Keeping up with Chicago's North Shore Real Estate Market!

Contact Ann

call or text me: 847-691-1111 or email: ann@rannjones.realtor

Thursday, June 30, 2016

Green Tip of the Month - Eat Local

Did you know that in North America, fruits and vegetables travel an average of 1,500 miles before reaching your dinner table.

What Can You Do?

Buying local not only saves energy used to ship produce, but also preserves flavor and nutrients. Here are three avenues for picking fresh, local produce.
  • Visit the local farmers' market. 
  • Get involved with a community garden or start one on your own. See www.communitygarden.org to see what's growing in your neighborhood and for tips on planting your own crops. 
  • Join a Community Supported Agriculture group (CSA). CSA members prepay a fixed seasonal fee to a local farmer in exchange for a weekly share of the harvest, delivered to a location near your home. Don't wait, though. CSAs are popular and can fill up. For information on joining a CSA group near you, go to nal.usda.gov/afsic/csa, sare.org/csa or justfood.org.



 

Thursday, June 23, 2016

Check out the neighborhood

In a New York Times article in 2009, William Safire searched for who came up with the phrase “location, location, location.”   A colleague had told him that the phrase was attributed to a British real estate tycoon named Lord Harold Samuel, but Safire found the phrase used in a real estate classified ad in the Chicago Tribune in 1926. Lord Samuel was 14 years old at the time. Safire said the context of the 1926 ad suggests it was already a familiar phrase in Chicago.

Location ... terra firma ... piece of earth

What makes a good location?  I wrote at length about this a few years ago, and yet people still ignore this fundamental principle of real estate.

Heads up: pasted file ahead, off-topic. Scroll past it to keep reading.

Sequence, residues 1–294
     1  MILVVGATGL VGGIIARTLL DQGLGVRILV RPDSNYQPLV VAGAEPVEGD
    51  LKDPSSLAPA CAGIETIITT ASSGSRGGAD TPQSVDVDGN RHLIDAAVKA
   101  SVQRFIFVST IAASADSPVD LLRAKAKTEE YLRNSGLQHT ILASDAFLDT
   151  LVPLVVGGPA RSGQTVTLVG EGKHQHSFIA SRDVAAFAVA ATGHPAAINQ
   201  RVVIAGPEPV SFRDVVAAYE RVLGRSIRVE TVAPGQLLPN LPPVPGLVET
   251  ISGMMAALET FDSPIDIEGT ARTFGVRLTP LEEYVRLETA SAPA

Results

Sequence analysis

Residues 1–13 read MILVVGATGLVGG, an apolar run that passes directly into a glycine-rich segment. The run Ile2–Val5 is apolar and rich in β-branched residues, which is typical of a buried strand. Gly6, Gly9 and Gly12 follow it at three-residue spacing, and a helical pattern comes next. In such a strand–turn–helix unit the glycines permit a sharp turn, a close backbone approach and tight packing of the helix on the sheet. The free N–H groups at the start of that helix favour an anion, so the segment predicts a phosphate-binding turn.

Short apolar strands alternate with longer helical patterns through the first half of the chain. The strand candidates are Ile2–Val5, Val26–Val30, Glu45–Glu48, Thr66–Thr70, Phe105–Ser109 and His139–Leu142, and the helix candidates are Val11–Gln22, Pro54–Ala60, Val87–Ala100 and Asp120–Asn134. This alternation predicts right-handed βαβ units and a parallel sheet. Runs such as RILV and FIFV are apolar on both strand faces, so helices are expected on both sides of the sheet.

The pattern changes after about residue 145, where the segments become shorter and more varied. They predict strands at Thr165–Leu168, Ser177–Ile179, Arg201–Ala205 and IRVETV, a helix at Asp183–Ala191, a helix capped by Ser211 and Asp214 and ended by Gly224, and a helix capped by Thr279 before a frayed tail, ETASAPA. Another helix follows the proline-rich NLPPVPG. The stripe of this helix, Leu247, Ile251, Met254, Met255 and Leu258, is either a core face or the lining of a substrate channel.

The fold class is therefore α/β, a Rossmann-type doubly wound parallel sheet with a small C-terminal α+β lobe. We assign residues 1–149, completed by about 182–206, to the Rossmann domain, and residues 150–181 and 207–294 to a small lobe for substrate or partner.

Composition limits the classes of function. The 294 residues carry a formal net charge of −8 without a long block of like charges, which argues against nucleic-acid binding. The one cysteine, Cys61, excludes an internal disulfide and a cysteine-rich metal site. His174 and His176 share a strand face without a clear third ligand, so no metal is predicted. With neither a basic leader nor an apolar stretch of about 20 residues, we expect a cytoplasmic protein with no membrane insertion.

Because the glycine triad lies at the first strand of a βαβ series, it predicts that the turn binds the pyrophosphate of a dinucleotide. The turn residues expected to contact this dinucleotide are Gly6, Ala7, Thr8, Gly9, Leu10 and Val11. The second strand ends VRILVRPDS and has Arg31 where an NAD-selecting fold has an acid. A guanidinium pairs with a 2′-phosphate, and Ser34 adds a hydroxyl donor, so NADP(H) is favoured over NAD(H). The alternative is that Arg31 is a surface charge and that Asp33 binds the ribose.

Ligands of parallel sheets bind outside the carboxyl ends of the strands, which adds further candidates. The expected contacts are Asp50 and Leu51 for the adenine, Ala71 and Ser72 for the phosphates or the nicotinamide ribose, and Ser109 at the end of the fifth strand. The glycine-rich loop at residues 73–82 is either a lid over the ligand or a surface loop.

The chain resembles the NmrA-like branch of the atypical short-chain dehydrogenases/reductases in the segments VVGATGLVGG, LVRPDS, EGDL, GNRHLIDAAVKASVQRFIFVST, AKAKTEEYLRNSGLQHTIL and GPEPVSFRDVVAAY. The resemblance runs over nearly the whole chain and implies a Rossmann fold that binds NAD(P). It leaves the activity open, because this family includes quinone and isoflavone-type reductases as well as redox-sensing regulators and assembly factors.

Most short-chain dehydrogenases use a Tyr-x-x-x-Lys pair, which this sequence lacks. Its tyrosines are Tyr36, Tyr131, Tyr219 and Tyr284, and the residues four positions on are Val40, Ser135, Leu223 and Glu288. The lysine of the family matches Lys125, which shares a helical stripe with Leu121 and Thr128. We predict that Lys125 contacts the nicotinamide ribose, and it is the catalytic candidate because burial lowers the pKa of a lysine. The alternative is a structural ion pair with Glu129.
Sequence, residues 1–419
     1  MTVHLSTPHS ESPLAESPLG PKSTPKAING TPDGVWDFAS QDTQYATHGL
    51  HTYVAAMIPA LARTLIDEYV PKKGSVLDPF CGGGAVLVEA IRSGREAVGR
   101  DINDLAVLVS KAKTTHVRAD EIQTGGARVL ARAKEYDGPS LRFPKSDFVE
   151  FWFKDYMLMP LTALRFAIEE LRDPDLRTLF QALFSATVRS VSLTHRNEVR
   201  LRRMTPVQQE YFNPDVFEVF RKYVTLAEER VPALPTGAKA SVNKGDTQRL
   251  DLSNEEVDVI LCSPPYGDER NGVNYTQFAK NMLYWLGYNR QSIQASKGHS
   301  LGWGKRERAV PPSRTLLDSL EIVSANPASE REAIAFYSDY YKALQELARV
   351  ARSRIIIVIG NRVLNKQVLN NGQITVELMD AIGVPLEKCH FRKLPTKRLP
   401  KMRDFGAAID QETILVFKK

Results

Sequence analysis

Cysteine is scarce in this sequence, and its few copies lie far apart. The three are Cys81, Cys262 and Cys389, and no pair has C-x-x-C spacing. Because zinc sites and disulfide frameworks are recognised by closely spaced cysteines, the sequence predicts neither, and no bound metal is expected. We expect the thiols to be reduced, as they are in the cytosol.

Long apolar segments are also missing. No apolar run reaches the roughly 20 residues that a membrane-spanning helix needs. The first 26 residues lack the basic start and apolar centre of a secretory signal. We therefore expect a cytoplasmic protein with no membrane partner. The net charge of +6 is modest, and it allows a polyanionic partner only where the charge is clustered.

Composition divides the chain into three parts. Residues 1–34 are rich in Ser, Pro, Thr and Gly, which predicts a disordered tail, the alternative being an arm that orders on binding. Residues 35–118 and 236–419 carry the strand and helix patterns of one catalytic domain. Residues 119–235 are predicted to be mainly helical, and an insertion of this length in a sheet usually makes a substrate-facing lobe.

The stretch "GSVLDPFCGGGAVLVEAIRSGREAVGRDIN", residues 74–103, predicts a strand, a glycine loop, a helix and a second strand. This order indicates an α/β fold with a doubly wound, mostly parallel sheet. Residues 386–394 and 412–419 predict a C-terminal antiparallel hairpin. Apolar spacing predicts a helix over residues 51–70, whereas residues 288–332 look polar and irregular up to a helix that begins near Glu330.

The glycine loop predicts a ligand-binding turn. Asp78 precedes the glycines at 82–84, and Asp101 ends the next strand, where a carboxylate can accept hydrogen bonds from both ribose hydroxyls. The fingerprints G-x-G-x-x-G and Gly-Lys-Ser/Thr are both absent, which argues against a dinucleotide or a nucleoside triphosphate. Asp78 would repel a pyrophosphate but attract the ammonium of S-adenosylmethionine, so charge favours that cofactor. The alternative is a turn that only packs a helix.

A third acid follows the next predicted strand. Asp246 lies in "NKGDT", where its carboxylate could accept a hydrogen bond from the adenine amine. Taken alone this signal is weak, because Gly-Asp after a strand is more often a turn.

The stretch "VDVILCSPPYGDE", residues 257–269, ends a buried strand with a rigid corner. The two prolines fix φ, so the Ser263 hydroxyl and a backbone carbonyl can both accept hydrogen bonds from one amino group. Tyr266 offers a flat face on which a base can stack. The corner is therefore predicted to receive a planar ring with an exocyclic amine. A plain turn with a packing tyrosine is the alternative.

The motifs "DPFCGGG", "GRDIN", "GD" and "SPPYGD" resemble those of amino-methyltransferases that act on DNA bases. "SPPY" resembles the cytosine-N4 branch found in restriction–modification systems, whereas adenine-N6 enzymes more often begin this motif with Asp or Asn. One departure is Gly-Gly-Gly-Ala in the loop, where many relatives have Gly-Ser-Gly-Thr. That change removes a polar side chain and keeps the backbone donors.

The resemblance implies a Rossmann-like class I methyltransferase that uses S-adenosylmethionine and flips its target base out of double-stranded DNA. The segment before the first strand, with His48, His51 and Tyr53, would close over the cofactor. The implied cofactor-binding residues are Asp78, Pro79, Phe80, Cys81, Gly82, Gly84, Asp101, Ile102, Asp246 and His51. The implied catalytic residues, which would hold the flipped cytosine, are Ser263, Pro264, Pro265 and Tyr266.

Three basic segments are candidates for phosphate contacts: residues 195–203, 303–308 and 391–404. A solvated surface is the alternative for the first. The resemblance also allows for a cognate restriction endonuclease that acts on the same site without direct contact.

Finding the right home involves more than just finding the right property.  I've met so many folks that are dazzled by new construction -- only to discover later that they own an older home in a marginal location.  New homes don't stay new forever.  The last thing you want is to buy the so-called dream home, only to discover later on that the location is inconvenient for work, school and shopping. 

So when you find a home you really like, drive around the area. Drive to the schools your kids will be attending. 
Consider the all their schools -- just because your kids can walk to the elementary school, there will come a time when they need to go to the junior high and high school as well.... how close are those schools?  Drive to the highway you take to work or O'Hare. Drive to activities you and your family enjoy.  Drive to the stores and see how that works.    See what your life is going to be like once you move to that location.  Then decide -- is this a lifestyle that fits?

Spend time understanding the location.   If the property's price is too good to be true -- maybe it's because the location could be better....